Letters to the Editor

Letter: Tale of two Bills

March 1, 2014


To the editor:

William Stafford was a citizen of Lawrence. He earned undergraduate and graduate degrees up on the hill, an exemplary student. William Burroughs lived in town a few years too. As Clark H. Coan pointed out (Public Forum, Feb. 26), he wasn’t such a great example.

Both Williams would have turned 100 within a short time here: the one who was born and raised in Kansas, and learned in Lawrence — and this other man. Just why again is Burroughs being heralded over Stafford?

William Stafford, a National Book Award winner and a U.S. poet laureate, is known and loved around the globe for his truthful writing, gentle manner and ethical convictions. He was an artist of the first tier and has been deemed the most-read poet in America.

William Stafford, unlike your other Bill, not only didn’t murder anybody, he would not take up arms when ordered to and so spent four years laboring as a World War II conscientious objector. He was that convinced that killing was wrong. And he stood tall for peace all of his life.

I heard William Stafford read two dozen times. I visited his home, and he mine. He was steady. And I met your other Bill in his house as well, but came away underwhelmed.

Again, why is it that Lawrencians keep taking a shine to the one William over the other? Why can’t we all honor the honorable Bill? Why not give this Burroughs business a rest?


Richard Heckler 3 years, 7 months ago

Perhaps it is time to consider using names of "regular" people rather than only those who became well known for a variety of reasons.

How about Bill Remmers Avenue of Smiles shared use path over by the river or a KT Walsh Power Walkway connecting to the Bill Remmers Avenue of Smiles.

Then there is this maintenance person at Babcock Place that probably deserves recognition for his attitude and smile as well.

Then there is Gayle,Sandy and Suzanne from Babcock Place as well that deserve a ton of recognition for their tireless efforts of making Babcock Place a wonderful place to live for many. What a team!!!

Surely there must be a creative house painter in town that also deserves recognition.

Enjoy the day folks as the north wind will once again prevail.

Leslie Swearingen 3 years, 7 months ago

I confess I had never heard of William Stafford until I read your letter, which is right on the mark in my opinion. I looked him up and have read some of his poems which are excellent. I am very glad you wrote this letter as I now have a new author to read.


Clark Coan 3 years, 7 months ago

Here's his life in Kansas, including Lawrence.

William Edgar Stafford was born in Hutchinson, Kansas, on January 17, 1914, to Ruby Mayher and Earl Ingersoll Stafford. The eldest of three children, Stafford grew up with an appreciation for nature and books.

During the Depression the family moved from town to town as Earl Stafford searched for jobs. William helped to support the family also, by delivering papers, working in the sugar beet fields, raising vegetables, and as an electrician's mate. In 1933 Stafford graduated from high school in Liberal, Kansas, and attended Garden City and El Dorado junior colleges, graduating from the University of Kansas in 1937. In 1939 Stafford enrolled at the University of Wisconsin to begin graduate studies in Economics, but by the next year he had returned to Kansas to earn his master's degree in English.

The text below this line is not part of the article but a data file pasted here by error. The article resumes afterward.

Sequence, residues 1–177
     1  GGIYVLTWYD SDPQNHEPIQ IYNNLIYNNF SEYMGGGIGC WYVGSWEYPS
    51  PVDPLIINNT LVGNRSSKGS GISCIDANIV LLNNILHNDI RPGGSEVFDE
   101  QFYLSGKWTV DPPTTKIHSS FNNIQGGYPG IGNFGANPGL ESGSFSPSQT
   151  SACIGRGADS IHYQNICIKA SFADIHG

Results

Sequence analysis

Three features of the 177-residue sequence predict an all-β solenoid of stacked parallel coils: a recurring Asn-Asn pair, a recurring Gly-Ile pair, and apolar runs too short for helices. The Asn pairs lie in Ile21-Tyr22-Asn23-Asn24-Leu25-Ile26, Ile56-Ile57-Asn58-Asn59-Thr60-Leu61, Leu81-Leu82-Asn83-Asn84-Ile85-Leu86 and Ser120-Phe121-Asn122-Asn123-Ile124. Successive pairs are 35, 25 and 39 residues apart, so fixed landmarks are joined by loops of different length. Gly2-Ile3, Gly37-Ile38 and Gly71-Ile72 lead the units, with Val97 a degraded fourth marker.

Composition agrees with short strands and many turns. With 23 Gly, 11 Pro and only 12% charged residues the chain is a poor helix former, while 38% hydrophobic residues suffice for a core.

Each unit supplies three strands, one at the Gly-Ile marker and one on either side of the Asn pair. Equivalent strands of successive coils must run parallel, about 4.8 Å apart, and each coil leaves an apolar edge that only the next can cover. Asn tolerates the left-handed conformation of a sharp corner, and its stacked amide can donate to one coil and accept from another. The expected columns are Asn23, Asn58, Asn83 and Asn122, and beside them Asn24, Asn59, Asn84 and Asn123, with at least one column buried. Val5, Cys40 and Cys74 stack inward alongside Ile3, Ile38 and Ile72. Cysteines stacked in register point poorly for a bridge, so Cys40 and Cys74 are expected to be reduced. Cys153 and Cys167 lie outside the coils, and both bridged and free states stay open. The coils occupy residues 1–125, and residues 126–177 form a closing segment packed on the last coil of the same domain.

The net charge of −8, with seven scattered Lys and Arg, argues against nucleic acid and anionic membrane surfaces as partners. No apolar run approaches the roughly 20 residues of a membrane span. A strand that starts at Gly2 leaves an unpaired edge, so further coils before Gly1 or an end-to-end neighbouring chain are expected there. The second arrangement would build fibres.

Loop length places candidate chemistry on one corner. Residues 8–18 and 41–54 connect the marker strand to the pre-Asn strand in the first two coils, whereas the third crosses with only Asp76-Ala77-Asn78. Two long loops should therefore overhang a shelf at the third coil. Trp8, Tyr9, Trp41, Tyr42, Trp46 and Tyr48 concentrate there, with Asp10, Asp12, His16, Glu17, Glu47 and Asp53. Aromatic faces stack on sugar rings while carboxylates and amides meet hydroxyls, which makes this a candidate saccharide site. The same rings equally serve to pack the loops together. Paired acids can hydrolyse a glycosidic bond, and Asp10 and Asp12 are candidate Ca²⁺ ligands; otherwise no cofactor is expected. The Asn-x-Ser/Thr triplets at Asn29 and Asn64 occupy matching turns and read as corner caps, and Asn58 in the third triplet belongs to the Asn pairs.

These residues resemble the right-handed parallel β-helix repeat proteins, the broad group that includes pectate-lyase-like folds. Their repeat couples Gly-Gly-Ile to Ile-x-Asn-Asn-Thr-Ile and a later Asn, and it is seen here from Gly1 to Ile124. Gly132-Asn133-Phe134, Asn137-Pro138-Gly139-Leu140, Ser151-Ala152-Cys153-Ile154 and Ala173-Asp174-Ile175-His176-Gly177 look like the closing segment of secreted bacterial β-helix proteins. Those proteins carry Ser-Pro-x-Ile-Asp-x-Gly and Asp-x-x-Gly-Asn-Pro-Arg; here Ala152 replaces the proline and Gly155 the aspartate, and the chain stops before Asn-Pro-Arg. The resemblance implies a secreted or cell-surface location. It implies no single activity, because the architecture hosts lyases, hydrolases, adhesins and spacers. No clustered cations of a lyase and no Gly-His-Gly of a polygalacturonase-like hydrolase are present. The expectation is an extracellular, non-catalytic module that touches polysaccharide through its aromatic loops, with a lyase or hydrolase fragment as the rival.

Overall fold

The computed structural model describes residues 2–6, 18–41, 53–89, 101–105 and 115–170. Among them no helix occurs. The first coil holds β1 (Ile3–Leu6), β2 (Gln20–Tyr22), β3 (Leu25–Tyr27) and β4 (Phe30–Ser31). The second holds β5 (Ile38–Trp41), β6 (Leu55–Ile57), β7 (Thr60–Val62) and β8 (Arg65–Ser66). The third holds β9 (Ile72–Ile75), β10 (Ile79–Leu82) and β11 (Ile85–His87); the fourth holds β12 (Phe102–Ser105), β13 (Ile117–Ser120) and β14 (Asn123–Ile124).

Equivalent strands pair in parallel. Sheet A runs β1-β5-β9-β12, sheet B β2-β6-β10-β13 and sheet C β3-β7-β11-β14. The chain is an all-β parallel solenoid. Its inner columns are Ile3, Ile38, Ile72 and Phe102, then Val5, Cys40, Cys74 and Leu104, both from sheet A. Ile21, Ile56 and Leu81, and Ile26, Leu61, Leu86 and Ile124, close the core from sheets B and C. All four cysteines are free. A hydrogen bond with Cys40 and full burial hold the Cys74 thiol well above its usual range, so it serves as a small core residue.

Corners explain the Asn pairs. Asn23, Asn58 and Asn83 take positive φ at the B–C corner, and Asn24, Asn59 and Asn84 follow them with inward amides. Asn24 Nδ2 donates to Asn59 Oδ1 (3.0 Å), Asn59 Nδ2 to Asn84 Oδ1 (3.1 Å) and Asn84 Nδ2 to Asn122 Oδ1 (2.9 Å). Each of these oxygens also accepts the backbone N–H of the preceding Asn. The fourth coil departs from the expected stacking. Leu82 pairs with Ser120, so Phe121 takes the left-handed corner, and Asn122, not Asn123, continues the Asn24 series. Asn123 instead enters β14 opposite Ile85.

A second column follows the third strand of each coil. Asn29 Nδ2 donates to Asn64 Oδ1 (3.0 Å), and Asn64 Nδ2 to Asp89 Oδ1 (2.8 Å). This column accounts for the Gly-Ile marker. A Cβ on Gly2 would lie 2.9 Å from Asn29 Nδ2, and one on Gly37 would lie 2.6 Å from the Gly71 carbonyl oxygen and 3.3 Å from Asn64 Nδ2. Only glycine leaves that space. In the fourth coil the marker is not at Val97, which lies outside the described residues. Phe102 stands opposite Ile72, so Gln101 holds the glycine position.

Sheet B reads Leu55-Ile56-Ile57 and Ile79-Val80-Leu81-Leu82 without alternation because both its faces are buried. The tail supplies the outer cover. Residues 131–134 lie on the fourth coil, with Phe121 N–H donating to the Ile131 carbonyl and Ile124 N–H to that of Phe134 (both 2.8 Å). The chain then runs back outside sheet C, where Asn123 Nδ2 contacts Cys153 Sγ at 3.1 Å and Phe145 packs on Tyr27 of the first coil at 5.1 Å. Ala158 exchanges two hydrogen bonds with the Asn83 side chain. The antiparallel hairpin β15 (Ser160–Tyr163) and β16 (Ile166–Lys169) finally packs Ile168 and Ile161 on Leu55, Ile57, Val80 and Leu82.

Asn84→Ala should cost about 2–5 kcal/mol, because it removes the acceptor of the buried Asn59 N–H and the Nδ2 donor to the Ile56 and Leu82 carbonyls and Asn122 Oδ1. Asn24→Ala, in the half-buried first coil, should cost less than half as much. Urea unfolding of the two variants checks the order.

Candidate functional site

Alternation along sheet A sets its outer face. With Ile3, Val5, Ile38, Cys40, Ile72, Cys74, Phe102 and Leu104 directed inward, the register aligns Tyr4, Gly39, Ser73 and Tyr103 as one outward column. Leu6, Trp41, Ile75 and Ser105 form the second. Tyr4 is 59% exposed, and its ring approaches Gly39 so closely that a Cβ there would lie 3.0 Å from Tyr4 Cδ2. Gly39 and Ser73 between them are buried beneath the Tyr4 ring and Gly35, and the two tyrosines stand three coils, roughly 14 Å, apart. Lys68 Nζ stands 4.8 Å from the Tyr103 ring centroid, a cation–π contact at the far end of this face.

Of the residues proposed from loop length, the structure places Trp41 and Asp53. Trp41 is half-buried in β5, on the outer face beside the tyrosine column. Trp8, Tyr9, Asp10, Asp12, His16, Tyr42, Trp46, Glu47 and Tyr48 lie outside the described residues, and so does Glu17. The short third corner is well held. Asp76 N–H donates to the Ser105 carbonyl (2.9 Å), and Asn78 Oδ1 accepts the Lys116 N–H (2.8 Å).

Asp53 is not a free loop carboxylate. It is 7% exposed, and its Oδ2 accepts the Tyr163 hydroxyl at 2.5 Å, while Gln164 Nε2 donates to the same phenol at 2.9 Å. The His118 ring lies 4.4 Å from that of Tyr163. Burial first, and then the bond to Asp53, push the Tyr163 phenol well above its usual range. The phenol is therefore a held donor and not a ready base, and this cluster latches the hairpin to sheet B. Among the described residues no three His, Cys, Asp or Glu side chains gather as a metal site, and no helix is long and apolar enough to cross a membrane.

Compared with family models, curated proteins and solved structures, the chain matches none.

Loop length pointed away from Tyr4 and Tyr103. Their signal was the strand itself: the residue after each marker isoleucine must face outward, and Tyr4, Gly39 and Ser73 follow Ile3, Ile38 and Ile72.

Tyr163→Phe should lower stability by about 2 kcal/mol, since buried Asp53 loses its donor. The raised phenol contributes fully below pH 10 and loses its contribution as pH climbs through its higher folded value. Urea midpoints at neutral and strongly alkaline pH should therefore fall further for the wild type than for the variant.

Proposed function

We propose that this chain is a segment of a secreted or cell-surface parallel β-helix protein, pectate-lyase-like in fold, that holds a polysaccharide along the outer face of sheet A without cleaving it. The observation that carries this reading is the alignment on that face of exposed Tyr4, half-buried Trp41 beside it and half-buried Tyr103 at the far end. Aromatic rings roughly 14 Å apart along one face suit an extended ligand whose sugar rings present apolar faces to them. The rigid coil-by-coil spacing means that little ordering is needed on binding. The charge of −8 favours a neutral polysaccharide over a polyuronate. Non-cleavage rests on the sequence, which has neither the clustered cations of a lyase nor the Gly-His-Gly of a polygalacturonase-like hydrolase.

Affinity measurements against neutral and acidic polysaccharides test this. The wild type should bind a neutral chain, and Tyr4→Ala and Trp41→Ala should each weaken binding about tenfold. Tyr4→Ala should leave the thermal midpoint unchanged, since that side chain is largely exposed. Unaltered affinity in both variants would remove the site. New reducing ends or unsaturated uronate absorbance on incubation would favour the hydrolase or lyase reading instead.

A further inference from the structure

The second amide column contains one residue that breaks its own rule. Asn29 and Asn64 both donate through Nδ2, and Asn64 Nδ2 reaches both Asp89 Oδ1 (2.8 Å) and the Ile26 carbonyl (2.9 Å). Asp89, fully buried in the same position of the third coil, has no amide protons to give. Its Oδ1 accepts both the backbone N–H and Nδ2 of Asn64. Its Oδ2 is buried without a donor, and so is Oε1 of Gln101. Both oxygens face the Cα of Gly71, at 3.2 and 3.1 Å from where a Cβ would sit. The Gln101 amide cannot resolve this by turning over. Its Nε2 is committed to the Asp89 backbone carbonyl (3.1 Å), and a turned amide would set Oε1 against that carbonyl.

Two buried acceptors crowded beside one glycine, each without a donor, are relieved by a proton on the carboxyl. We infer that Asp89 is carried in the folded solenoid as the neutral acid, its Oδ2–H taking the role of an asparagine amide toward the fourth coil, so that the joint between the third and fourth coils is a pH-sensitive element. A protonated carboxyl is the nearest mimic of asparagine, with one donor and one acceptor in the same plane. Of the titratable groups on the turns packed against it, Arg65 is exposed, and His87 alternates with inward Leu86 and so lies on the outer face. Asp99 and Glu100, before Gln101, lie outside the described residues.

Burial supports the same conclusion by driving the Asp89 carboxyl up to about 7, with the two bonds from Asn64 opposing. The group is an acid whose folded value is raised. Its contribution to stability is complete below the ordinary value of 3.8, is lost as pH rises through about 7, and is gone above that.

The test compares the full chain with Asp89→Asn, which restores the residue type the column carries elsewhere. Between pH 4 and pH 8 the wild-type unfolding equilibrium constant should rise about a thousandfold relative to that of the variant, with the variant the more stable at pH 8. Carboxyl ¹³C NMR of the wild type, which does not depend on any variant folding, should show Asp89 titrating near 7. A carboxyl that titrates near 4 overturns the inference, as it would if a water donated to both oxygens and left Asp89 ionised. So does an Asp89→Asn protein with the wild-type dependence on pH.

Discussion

When the United States entered World War II in 1941 Stafford was drafted before he could obtain his degree. As a registered pacifist, Stafford worked in camps and projects for conscientious objectors in Arkansas, California, and Illinois. He spent 1942 to 1946 in these work camps and was paid $2.50 per month for assigned duties such as fire fighting, soil conservation, and building and maintaining roads and trails. In 1944 while in California Stafford met and married Dorothy Frantz, the daughter of a minister of the Church of the Brethren.

Following the war Stafford taught one year at a high school, spent a year working for relief organization Church World Service, and finished his master's degree at the University of Kansas in 1947. His master's thesis, memoirs of his time spent as a conscientious objector, was published as a book of prose, Down in My Heart (Brethren Publishing House, 1947).

Ken Lassman 3 years, 7 months ago

I think William Stafford's poetry is some of the best, anytime, anywhere, and am all for highlighting his being a Kansan and a Jayhawk, both of which were important to his identity, even though most of his life was spent in Oregon. His quietly brilliant poetry can surprise and inspire like few others, bar none, and we are honored to have been a part of his life and should celebrate those connections.

On the other hand, I see no reason not to celebrate the impact Lawrence had on William Burroughs as well, one which was almost entirely positive by any measure. Choosing one man's local connections OVER the other is just silly, since they were both influenced by and influence our fair city and state. Both men showcase important parts of what make us who we are and are both world class artists in their own right.

I like Dickie's sentiments as well; here's to the not so common but far less prominent folks that can be found throughout our community!

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